Singapore and the U.S.: a tale of two economies

I'm back in Singapore for the first time in nearly two years, and what a difference two years can make. Back in 2009, Singapore was reeling from the after-effects of the global recession, which hit its trade-dependent economy particularly hard.

The island nation has regrouped quickly, however, and its economy reportedly grew by an astonishing 17.9 percent in the first half of 2010. The harbor is chock-full of ships again, construction is proceeding apace, and the government expects robust growth to continue.

I don't want to go all "Asian values" on you, and comparing Singapore's economy with that of the United States is risky at best. But I've been reading a few books and articles on the endemic corruption (or if you prefer, criminality), embedded within the United States political/economic system (and watching documentaries about it too). And it made me wonder how much this feature might have to do with the varying trajectories of the two countries.

Case in point: today's Herald Tribune reports that Goldman Sachs has concluded that there's nothing really wrong with how it does business. To quote the print version (not the online edition) Goldman decided "its operations need only a fine-tuning, not a complete overhaul." Hmmmm. I don't know about you, but when a major investment bank has to get bailed out by the American taxpayer, and just paid a $550 million fine to settle civil fraud charges (not the first time Goldman has had to do something like this, by the way), one might reasonably conclude that there were more fundamental problems involved. Not from the point of view of Goldman's present profits, perhaps, but from the point of view of what is good for the society as a whole. And the problem seems to be that maximizing political influence is as much a part of Goldman's business model as the pursuit of economic gain itself.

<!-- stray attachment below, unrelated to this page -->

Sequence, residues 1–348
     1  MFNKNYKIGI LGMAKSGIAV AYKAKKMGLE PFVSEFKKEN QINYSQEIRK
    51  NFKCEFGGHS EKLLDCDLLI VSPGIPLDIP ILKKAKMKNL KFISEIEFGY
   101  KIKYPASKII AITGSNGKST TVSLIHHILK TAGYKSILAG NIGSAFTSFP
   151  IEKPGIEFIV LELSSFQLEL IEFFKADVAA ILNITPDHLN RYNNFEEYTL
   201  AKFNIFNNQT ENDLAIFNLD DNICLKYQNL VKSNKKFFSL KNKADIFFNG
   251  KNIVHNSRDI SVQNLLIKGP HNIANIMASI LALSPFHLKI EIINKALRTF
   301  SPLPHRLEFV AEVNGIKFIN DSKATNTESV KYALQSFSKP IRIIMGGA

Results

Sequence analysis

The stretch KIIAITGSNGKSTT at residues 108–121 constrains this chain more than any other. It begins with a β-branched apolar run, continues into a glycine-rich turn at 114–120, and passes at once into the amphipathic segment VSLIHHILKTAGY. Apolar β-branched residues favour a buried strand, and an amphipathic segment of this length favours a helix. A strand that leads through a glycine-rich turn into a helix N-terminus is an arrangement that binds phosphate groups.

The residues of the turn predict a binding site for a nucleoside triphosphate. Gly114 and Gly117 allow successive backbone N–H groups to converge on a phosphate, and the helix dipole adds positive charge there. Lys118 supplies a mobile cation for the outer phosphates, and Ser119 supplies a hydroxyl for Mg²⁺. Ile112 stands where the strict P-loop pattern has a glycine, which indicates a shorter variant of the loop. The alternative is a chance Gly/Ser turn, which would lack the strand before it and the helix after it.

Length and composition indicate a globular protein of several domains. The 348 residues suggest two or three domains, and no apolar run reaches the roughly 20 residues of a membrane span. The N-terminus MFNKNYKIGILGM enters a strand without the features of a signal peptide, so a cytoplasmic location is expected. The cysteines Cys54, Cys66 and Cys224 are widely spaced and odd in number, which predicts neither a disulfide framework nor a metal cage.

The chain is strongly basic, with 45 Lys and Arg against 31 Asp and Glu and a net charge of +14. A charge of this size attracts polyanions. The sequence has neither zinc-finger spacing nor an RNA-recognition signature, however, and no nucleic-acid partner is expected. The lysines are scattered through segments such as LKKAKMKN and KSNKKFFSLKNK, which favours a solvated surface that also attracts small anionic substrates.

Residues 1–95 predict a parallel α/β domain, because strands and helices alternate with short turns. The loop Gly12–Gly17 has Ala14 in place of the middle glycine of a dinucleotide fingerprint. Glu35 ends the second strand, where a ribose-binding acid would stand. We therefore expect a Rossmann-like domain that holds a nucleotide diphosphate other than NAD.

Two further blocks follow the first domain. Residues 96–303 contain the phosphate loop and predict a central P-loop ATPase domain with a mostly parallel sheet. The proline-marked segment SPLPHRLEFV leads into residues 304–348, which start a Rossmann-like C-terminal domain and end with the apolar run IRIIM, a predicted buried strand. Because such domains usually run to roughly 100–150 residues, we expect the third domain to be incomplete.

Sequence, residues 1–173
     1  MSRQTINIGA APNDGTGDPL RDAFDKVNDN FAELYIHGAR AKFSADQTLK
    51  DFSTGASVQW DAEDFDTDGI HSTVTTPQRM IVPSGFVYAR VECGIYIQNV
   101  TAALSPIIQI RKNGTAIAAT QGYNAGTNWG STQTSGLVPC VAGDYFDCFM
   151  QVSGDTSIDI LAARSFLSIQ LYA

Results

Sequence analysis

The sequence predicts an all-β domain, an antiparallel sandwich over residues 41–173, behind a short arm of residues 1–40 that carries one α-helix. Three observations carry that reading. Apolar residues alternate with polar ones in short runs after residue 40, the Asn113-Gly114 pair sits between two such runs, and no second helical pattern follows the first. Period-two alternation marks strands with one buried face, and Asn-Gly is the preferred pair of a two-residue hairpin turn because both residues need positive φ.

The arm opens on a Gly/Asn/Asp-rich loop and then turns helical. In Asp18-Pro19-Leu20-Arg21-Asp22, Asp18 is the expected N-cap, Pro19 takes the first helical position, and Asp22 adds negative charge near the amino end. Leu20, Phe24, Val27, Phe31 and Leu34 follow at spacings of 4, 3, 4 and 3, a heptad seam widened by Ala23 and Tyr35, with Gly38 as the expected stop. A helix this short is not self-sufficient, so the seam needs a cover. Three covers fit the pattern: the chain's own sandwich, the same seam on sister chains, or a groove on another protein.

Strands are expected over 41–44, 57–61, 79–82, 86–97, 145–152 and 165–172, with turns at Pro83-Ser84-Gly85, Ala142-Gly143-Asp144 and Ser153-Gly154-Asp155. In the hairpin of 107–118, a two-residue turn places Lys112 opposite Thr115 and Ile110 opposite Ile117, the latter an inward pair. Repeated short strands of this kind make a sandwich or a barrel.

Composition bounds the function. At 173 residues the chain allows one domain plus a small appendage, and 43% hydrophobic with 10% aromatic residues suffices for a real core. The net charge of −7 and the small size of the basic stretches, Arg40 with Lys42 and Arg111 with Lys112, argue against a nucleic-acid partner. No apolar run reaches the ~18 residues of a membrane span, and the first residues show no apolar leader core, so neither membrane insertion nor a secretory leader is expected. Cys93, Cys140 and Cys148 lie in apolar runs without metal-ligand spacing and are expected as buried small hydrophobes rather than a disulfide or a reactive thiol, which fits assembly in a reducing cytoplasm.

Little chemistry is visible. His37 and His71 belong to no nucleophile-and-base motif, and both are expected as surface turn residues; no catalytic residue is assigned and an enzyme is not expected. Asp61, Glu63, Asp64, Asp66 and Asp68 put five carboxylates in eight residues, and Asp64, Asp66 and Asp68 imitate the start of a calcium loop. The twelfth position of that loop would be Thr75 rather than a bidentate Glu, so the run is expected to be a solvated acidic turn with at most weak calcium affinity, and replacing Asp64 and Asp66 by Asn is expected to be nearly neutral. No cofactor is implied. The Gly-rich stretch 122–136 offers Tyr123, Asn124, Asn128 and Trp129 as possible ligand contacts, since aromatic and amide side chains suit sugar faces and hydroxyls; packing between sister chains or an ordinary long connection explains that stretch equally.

Mind you, I'm not an economist, and I'm sure there are legions of people out there who would be quick to leap to Goldman's defense. And I'm not really picking on Goldman, because the financial meltdown of 2007-2008 suggested that the rot was far more widespread. Instead what troubles a layperson like me -- and maybe ought to worry you, too -- is that we've just lived through the most significant global recession since the 1930s but don't seem to have learned much in the process. That recession was triggered by malfeasance in mortgage and financial markets, and yet not much seems to have been done to create new arrangements that would prevent something similar from happening again. And the main reason isn't conceptual or economic but political: financial interests give a ton of money to politicians, and -- surprise, surprise -- those same politicians tend not to take actions that these donors oppose, like significantly tighter financial regulations. 

Singapore is far from a perfect society, and as I said at the outset, direct comparisons between its situation and that of the United States are somewhat dubious. But I can't help but wonder if maybe we could learn a few things about political economy from them. Like not letting private money play an enormous role in politics, and paying civil servants enough so that more of our best brains choose public service over Wall Street.  

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Stephen M. Walt

On the Tucson shooting